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Robert G. Allen

Is Robert Allen a Real Estate Guru or Charlatan?

By Demir Barlas

Who Is Robert Allen?

Robert Allen is a real estate investment guru whose name is ubiquitous, thanks to his books, seminar appearances, websites and flair for self-promotion. Allen is best known for his attention-grabbing claims about the infallibility of his method. He asserts, for example, that he can take people out of unemployment lines and make them successful real estate investors. He has also said that, with only $100 of spending money in his pocket, he can arrive in any city and immediately start buying properties with no money down.

The Robert Allen Method

Allen's real estate investment method boils down to three basic principles:

1. Identify distressed properties. Allen explains many ways to do this. He counsels real estate investors to seek out sellers who are so anxious to sell their properties that they will surrender their equity. He also suggests that investors immerse themselves in the foreclosure market in search of properties being sold for less than market value.

2. Employ creative financing to acquire these properties with no money down. The "nothing down" method might involve getting a bank loan, agreeing to offer other assets (cars, boats, etc.) in place of a down payment, borrowing down-payment money from a partner, obtaining seller financing and using other tactical methods that Allen details in his books and seminars.

3. Resell at a profit.

Allen devotes much of his energy to explaining how best to achieve the first two goals. Interestingly, he doesn't dwell as much on the third, as the tacit assumption in his method is that real estate will always sell at a profit.

Does It Really Work?

There is no question that the Allen method works. Buying properties on the cheap with other people's money and flipping them for a profit is, after all, a precise description of the approach used by great real estate investors, including $6 billion man Sam Zell. The real question is not whether Allen's method is sound but whether it is readily practicable by ordinary people in ordinary circumstances.

Allen's method was tailor-made for the booming real estate markets of the past two decades, when it was almost impossible not to make money in the field. The "nothing down" method was enabled by banks and other financial institutions that were eager to finance deals without even checking a borrower's paperwork, and there was always someone else willing to pay more for a recently purchased property.

The method is not calibrated to a real estate downturn such as the one that began in the US in the summer of 2005. In a downturn, the opportunities to buy distressed real estate increase, but the opportunities to do so with other people's money and to turn a quick flip decrease. In a downturn, the people who make money are those who have the liquidity, leverage and patience to buy properties and wait as long as a decade or more to profit from them. This is not achievable for the average personal investor, who must turn a quick profit to stay liquid and remain in the game, or otherwise keep tapping gullible banks, investors and partners for investment money.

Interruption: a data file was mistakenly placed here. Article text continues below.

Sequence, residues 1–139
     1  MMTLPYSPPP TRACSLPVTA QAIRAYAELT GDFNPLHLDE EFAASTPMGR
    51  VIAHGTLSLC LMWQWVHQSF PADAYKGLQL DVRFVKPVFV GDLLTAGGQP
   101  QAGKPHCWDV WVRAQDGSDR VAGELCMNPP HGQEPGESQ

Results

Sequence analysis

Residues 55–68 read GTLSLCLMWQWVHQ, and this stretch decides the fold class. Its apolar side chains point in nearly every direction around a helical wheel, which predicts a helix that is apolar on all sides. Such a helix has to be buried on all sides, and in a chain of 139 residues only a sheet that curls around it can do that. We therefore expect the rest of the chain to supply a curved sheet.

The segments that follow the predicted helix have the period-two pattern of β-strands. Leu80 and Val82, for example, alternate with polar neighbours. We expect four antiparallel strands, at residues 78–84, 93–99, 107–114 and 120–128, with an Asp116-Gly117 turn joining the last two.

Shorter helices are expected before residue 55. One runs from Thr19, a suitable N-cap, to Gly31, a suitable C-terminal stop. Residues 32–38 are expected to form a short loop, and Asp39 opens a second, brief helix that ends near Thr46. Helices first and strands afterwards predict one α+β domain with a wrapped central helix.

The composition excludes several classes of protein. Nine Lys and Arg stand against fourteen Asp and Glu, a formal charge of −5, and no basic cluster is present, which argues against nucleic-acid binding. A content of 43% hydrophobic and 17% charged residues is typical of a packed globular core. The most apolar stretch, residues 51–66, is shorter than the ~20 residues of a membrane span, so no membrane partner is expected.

Allen promises fast wealth (his books include The One Minute Millionaire). His method offers no special guidance to the long-term real estate investor, and he makes a number of assumptions about the availability of credit and the eagerness of speculators that are simply obsolete in the current market.

The Allen Marketing Machine

Contacting Allen is not hard. He runs several websites (including his flagship site, www.robertgallen.com) and regularly launches e-mail campaigns to draw new investors to his seminars. This frenzied marketing leads some people to take Allen less seriously as a real estate authority and to conclude that he is more of a professional self-promoter. Allen does not help his cause by making grandiose claims about his method; for example, one of Allen's marketing tags is that he creates "a lifetime of unlimited wealth" for his followers. Besides the obvious fact that there is no such thing as "unlimited wealth," Allen's marketing assertions are somewhat compromised by the fact that he filed for bankruptcy in 1996, and he does not appear on any list of America's wealthiest real estate investors.

The gist of the Allen method itself is easily gleaned from Allen's website and from online reviews of his seminars; investing thousands of dollars to learn more about it is unnecessary.

Photo: ©Big Stock Photo
LifeWire, a part of The New York Times Company, provides original and syndicated online lifestyle content. Demir Barlas has nearly a decade of experience in business writing and editing, marketing communications and online community building. He holds a BA from Cornell University and an MFA from UCLA Film School.

At the time of writing, Elizabeth Weintraub, DRE # 00697006, is a Broker-Associate at Lyon Real Estate in Sacramento, California.

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